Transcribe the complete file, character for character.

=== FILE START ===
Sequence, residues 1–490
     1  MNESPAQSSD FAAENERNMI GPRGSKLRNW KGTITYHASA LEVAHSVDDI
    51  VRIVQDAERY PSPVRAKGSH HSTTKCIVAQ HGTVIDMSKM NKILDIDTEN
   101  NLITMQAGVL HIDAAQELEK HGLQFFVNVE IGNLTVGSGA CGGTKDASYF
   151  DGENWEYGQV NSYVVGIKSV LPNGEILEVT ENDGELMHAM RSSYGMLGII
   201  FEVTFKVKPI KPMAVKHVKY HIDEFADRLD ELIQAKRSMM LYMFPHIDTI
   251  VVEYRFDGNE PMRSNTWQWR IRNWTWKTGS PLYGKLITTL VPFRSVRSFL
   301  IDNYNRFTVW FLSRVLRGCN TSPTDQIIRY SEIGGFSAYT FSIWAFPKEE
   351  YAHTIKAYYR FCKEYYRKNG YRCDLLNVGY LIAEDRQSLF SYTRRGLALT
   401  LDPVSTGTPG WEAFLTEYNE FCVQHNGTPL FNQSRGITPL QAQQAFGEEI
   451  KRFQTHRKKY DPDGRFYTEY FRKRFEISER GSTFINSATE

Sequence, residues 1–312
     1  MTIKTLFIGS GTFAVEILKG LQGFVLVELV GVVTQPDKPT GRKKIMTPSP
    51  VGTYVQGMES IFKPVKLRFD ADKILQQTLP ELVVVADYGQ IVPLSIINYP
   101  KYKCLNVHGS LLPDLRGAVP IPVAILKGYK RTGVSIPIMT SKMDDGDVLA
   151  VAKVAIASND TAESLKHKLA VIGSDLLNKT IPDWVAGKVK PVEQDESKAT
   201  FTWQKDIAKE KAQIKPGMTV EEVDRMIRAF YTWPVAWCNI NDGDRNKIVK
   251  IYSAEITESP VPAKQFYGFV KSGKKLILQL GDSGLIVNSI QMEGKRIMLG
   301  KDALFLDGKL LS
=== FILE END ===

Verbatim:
Sequence, residues 1–490
     1  MNESPAQSSD FAAENERNMI GPRGSKLRNW KGTITYHASA LEVAHSVDDI
    51  VRIVQDAERY PSPVRAKGSH HSTTKCIVAQ HGTVIDMSKM NKILDIDTEN
   101  NLITMQAGVL HIDAAQELEK HGLQFFVNVE IGNLTVGSGA CGGTKDASYF
   151  DGENWEYGQV NSYVVGIKSV LPNGEILEVT ENDGELMHAM RSSYGMLGII
   201  FEVTFKVKPI KPMAVKHVKY HIDEFADRLD ELIQAKRSMM LYMFPHIDTI
   251  VVEYRFDGNE PMRSNTWQWR IRNWTWKTGS PLYGKLITTL VPFRSVRSFL
   301  IDNYNRFTVW FLSRVLRGCN TSPTDQIIRY SEIGGFSAYT FSIWAFPKEE
   351  YAHTIKAYYR FCKEYYRKNG YRCDLLNVGY LIAEDRQSLF SYTRRGLALT
   401  LDPVSTGTPG WEAFLTEYNE FCVQHNGTPL FNQSRGITPL QAQQAFGEEI
   451  KRFQTHRKKY DPDGRFYTEY FRKRFEISER GSTFINSATE

Sequence, residues 1–312
     1  MTIKTLFIGS GTFAVEILKG LQGFVLVELV GVVTQPDKPT GRKKIMTPSP
    51  VGTYVQGMES IFKPVKLRFD ADKILQQTLP ELVVVADYGQ IVPLSIINYP
   101  KYKCLNVHGS LLPDLRGAVP IPVAILKGYK RTGVSIPIMT SKMDDGDVLA
   151  VAKVAIASND TAESLKHKLA VIGSDLLNKT IPDWVAGKVK PVEQDESKAT
   201  FTWQKDIAKE KAQIKPGMTV EEVDRMIRAF YTWPVAWCNI NDGDRNKIVK
   251  IYSAEITESP VPAKQFYGFV KSGKKLILQL GDSGLIVNSI QMEGKRIMLG
   301  KDALFLDGKL LS